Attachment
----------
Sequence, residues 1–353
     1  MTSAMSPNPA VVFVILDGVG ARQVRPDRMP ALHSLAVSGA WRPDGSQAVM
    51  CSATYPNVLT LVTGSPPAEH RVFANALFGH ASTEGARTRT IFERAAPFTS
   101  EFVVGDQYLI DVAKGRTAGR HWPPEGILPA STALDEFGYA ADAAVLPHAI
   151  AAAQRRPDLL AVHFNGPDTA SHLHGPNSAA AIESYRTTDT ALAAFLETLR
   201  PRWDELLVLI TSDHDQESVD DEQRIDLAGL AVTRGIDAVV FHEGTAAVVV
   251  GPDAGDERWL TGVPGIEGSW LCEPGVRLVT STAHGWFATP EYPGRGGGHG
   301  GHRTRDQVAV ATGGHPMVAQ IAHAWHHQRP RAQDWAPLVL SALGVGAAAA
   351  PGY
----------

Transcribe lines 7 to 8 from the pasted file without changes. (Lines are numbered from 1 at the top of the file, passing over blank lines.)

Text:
   251  GPDAGDERWL TGVPGIEGSW LCEPGVRLVT STAHGWFATP EYPGRGGGHG
   301  GHRTRDQVAV ATGGHPMVAQ IAHAWHHQRP RAQDWAPLVL SALGVGAAAA